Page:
Total Solar Eclipse 2020: Get Ready, Chile & Argentina!

~2 min
Total solar eclipse above the mountains

On December 14, 2020, a total solar eclipse will occur. In today’s article, we’ll tell you when, where, and how you can observe this spectacular astronomical event.

What is a Total Solar Eclipse?

Solar eclipses happen when the New Moon moves into such a position between the Sun and the Earth to fully or partially block out the Sun's rays. A total solar eclipse occurs when the Moon completely covers the solar disk in the sky.

If the Earth’s and Moon’s orbits were in the same orbital plane, a total solar eclipse would occur every New Moon. However, the Moon’s orbit is tilted at about 5 degrees to the Earth’s orbit around the Sun. For this reason, to observers from the Earth, the Moon usually passes either above or below the Sun each month.

Every year, from two to five solar eclipses occur on the Earth – and not more than two of them can be total. This December’s total solar eclipse will be the only one in 2020.

If you want to learn more interesting facts about solar and lunar eclipses, take our fun and challenging quiz!

How to Watch the Total Solar Eclipse of 2020?

The only total solar eclipse of 2020 will occur on December 14. It will begin to the west of South America at 09:32 EDT (14:32 GMT) and end to the west of Southern Africa at 12:54 EDT (17:54 GMT). The maximum length of totality for observers from the Earth will be 2 minutes and 10 seconds. Unfortunately, most of the world won’t get a chance to see the total solar eclipse, as it will be visible only from parts of Chile and Argentina. For Bolivia, Brazil, Ecuador, Paraguay, Peru, and Uruguay it will be a partial solar eclipse.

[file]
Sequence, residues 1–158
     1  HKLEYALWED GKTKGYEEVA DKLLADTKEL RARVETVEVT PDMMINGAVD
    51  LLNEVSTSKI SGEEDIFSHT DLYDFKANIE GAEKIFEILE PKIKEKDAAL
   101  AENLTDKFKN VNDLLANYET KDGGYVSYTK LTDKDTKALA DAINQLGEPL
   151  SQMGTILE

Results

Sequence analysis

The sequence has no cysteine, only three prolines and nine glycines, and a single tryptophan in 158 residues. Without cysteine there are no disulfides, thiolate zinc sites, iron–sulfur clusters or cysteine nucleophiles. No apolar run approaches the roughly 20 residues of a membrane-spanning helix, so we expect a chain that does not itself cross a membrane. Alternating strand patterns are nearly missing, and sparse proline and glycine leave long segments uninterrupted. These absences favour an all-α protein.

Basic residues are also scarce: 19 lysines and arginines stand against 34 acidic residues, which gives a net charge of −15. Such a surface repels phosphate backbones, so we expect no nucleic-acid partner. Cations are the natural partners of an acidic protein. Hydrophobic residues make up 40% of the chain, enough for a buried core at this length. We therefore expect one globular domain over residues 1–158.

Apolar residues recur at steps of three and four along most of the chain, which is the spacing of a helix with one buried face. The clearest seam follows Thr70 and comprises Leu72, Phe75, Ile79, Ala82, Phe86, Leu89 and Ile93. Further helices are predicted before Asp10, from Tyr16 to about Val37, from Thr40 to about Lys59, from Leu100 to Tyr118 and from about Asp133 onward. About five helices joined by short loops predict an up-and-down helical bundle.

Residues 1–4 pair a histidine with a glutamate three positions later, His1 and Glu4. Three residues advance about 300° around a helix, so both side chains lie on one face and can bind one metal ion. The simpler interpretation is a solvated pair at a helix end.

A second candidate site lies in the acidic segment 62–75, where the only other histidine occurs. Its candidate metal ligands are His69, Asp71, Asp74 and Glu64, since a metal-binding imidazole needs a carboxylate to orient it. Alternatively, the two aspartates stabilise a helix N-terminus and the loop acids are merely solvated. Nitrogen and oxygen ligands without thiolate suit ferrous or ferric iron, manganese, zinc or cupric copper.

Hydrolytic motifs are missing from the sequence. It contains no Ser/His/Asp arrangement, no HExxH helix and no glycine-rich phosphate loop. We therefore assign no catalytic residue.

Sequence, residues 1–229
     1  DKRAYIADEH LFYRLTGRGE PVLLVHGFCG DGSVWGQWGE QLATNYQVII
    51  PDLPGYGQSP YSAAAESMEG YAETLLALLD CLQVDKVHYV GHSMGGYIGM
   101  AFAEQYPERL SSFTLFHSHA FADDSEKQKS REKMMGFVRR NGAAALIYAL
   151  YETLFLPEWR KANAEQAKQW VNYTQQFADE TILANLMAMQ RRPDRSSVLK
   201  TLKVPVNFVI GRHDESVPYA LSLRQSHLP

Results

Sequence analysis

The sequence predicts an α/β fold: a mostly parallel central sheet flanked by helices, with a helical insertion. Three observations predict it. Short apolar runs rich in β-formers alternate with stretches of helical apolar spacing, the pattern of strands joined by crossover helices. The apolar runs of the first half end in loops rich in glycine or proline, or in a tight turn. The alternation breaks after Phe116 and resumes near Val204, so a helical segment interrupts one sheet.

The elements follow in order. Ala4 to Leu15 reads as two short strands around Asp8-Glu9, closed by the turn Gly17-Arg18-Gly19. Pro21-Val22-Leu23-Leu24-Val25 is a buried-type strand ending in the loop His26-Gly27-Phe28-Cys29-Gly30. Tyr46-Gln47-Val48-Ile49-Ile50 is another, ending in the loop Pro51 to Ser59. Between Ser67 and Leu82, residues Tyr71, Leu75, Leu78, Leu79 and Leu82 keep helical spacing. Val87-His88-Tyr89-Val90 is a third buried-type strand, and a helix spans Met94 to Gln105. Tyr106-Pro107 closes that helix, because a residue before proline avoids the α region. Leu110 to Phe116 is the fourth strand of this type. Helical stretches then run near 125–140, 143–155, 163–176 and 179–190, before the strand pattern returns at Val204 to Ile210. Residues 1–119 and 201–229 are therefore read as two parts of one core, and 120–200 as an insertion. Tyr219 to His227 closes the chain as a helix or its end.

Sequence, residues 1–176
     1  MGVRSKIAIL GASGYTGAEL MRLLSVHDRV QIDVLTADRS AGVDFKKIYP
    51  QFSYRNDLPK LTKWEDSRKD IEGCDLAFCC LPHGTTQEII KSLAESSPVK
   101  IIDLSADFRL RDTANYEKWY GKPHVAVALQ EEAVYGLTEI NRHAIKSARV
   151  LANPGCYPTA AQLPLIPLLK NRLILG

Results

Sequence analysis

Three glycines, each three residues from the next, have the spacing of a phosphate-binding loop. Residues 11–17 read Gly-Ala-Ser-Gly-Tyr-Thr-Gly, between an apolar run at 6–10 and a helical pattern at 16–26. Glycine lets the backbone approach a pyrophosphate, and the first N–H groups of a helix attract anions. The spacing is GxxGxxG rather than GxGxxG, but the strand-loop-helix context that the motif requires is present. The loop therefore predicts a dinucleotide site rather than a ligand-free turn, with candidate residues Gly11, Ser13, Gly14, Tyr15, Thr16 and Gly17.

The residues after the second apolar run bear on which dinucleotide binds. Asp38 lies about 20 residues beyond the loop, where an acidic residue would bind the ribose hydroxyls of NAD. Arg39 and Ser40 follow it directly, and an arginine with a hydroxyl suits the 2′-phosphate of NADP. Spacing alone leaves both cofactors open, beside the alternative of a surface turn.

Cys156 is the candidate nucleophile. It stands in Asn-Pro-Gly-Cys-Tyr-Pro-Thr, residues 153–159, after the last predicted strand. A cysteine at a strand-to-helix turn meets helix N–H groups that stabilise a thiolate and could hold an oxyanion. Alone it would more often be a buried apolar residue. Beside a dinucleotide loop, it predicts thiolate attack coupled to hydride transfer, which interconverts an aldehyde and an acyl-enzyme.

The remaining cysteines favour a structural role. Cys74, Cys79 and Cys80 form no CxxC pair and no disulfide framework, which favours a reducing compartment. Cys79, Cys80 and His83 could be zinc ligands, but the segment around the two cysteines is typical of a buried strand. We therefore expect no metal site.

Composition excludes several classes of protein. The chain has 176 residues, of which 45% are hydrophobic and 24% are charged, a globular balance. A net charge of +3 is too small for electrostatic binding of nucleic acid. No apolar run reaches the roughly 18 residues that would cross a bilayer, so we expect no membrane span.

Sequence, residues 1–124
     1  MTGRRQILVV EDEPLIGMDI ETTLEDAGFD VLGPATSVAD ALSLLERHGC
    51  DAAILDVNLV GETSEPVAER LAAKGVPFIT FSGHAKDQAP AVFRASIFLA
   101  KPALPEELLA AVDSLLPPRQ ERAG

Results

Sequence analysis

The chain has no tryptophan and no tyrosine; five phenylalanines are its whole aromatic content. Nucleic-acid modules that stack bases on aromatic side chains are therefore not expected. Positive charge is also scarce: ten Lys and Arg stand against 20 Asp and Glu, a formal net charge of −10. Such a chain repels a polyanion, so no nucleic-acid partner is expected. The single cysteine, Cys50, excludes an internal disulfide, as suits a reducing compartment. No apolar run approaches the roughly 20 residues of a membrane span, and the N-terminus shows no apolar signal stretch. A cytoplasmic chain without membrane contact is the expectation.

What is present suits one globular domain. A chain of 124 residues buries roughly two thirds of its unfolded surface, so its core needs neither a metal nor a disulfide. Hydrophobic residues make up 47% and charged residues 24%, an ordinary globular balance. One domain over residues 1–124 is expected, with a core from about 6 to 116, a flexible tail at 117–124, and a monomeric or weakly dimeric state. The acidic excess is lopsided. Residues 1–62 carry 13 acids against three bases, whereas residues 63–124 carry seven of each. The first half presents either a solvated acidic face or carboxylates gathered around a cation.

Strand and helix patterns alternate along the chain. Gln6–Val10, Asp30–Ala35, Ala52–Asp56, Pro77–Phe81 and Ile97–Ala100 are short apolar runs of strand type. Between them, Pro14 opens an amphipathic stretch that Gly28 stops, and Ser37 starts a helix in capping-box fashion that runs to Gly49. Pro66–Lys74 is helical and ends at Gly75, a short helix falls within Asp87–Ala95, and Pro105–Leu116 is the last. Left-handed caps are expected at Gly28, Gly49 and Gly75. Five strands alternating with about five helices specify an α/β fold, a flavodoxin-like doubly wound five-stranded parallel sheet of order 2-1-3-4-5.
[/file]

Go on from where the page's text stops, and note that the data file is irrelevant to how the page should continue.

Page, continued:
The best way to learn the eclipse’s exact time for your location is to use Eclipse Guide. This app was designed specifically for eclipse chasers. You can see how the eclipse will look from your location and learn when its maximum phase will occur on the “Sky” tab. Here, you can also set notifications for particular phases of the eclipse. On the “Path” and “Map” tabs, you can visualize the eclipse’s path across the globe and learn about the best places for eclipse observation.

If you’re lucky enough to see the eclipse, remember about safety precautions. Never look directly at the Sun and use proper solar eclipse glasses. Otherwise, the Sun’s rays can cause serious damage to your eyes.

We wish you clear skies and happy observations!

Text Credit:
Image Credit:Sebastian Voltmer
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